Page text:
Die Hard

Facts and Figures

Run time: 131 mins

In Theaters: Wednesday 20th July 1988

Box Office Worldwide: $138.7M

Budget: $28M

Distributed by: 20th Century Fox

Production compaines: 20th Century Fox, Gordon Company, Lawrence Gordon Productions

Reviews

Contactmusic.com: 5 / 5

Rotten Tomatoes: 92%
Fresh: 59 Rotten: 5

IMDB: 8.3 / 10

Cast & Crew

Director:

Starring: as John McClane, as Hans Gruber, as Sgt. Al Powell, as Holly Gennero McClane, as Karl, as Deputy Police Chief Dwayne T. Robinson, as Richard Thornburg, De'voreaux White as Argyle, as Harry Ellis, Dennis Hayden as Eddie, as Joseph Yoshinobu Takagi, as FBI Special Agent Johnson, Bob Jennings as Cameraman, Grand L. Bush as FBI Agent Little Johnson, Mary Ellen Trainor as Gail Wallens, as Tony, as Uli, Clarence Gilyard as Theo, Lorenzo Caccialanza as Marco, Hans Buhringer as Fritz, Anthony Peck as Young Cop

Contactmusic


Links



Advertisement

New Movies

Tom of Finland Movie Review

Tom of Finland Movie Review

Finnish artist Tuoko Laaksonen used the name "Tom of Finland" as he drew explicit illustrations...

A Ghost Story Movie Review

A Ghost Story Movie Review

Filmmaker David Lowery reunites the stars from his offbeat Western Ain't Them Bodies Saints for...

Atomic Blonde Movie Review

Atomic Blonde Movie Review

From the co-director of John Wick, this similarly styled action romp puts Charlize Theron front...

Girls Trip Movie Review

Girls Trip Movie Review

This movie's premise basically sounds like The Hangover with added black girl power. But it's...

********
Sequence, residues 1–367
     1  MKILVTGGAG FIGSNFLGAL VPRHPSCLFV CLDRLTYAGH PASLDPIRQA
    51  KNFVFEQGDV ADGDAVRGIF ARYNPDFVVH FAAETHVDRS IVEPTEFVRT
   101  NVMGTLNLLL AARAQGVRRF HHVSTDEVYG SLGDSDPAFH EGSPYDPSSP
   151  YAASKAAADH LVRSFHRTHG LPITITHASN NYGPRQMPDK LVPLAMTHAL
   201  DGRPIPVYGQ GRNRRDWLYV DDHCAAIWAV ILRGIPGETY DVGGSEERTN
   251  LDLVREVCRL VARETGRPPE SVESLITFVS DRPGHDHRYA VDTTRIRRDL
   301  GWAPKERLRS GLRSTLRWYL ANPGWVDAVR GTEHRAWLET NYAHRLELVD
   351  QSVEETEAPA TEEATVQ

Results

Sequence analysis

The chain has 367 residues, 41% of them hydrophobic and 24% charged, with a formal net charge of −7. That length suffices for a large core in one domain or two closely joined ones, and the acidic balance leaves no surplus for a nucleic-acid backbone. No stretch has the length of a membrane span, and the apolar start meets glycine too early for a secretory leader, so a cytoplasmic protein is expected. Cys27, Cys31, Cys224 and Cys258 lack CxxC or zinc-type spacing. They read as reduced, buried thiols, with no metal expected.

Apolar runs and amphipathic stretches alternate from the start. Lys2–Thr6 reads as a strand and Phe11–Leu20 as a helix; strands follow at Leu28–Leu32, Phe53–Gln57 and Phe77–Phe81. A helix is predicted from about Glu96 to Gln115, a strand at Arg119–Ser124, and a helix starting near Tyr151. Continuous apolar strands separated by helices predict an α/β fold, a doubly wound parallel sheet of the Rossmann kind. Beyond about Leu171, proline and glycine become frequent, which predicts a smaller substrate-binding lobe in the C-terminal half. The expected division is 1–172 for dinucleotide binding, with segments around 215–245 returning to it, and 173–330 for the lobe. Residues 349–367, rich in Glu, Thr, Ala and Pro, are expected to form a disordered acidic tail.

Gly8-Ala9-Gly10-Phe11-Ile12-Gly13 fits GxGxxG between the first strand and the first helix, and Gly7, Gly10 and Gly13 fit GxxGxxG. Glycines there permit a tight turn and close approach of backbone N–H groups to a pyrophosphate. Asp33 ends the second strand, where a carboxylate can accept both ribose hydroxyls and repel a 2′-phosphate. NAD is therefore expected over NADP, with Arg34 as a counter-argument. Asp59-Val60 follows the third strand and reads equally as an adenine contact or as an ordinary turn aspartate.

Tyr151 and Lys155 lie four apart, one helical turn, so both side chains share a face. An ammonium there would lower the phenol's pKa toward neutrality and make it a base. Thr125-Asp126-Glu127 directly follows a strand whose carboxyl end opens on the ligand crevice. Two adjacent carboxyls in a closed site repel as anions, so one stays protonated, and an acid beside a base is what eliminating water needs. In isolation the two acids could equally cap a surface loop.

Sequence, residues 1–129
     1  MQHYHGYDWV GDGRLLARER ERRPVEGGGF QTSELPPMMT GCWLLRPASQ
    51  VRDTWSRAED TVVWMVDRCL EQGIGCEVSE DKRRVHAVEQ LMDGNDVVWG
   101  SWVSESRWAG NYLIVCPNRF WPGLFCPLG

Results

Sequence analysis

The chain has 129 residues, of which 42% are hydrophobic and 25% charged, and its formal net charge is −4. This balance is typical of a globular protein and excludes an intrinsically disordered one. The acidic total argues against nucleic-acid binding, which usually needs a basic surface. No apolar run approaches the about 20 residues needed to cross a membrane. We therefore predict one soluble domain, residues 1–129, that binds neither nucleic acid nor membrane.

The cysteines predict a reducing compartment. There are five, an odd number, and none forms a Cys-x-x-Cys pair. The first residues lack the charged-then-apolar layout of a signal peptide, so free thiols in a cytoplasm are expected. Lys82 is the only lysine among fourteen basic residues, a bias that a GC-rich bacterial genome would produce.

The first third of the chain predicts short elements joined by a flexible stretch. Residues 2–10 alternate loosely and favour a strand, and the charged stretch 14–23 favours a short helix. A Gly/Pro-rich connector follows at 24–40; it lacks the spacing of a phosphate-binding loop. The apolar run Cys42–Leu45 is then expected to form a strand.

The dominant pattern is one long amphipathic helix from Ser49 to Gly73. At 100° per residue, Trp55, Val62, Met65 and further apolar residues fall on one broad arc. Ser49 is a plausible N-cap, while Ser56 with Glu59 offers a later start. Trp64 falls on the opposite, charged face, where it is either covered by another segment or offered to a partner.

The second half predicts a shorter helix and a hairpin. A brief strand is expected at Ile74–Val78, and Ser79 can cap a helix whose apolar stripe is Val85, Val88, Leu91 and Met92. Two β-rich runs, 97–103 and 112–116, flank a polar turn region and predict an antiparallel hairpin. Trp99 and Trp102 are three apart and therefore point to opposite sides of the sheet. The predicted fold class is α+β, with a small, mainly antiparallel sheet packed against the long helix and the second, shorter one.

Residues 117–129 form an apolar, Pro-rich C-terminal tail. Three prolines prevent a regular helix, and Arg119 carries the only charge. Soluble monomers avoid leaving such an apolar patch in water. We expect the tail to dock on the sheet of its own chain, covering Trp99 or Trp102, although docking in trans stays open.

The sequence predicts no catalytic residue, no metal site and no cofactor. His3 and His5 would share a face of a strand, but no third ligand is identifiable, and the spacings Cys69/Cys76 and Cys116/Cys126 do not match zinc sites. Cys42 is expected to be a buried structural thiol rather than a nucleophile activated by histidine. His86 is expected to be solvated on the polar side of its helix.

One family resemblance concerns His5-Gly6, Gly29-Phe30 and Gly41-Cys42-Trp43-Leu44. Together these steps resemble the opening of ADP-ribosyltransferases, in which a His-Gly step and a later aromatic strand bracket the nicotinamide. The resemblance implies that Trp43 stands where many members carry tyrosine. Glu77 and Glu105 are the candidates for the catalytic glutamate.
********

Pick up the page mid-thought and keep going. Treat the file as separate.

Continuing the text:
Captain Underpants: The First Epic Movie Movie Review

Captain Underpants: The First Epic Movie Movie Review

There's so much manic energy in this animated action comedy that it can't help but...

The Big Sick Movie Review

The Big Sick Movie Review

It may be rather long for a romantic comedy, but this film has such a...

The Emoji Movie Movie Review

The Emoji Movie Movie Review

There's no reason why this animated comedy adventure needed to be this pointless. Solidly entertaining...

Advertisement
England Is Mine Movie Review

England Is Mine Movie Review

While this is billed as a film about The Smiths' singer-songwriter Morrissey, it's actually an...

Valerian and the City of a Thousand Planets Movie Review

Valerian and the City of a Thousand Planets Movie Review

It's been 20 years since French filmmaker Luc Besson shook up the sci-fi genre with...

Dunkirk Movie Review

Dunkirk Movie Review

Britain's epic 1940 evacuation of Dunkirk has been dramatised on film before, but no one...

Killing Ground Movie Review

Killing Ground Movie Review

From Australia, this dark and edgy thriller is skilfully made by writer-director Damien Power to...

City of Ghosts Movie Review

City of Ghosts Movie Review

This award-winning documentary plays like a thriller as it traces the work of a group...

Cars 3 Movie Review

Cars 3 Movie Review

It's been six years since the last Cars movie (there were two Planes movies in...

The Beguiled Movie Review

The Beguiled Movie Review

In her inimitable loose style, Sofia Coppola remakes the 1971 Clint Eastwood movie from a...

Advertisement
Artists
Actors
    Filmmakers
      Artists
      Bands
        Musicians
          Artists
          Celebrities
             
              Artists
              Interviews
                musicians & bands in the news
                  actors & filmmakers in the news
                    celebrities in the news

                      Go Back in Time using our News archive to see what happened on a particular day in the past.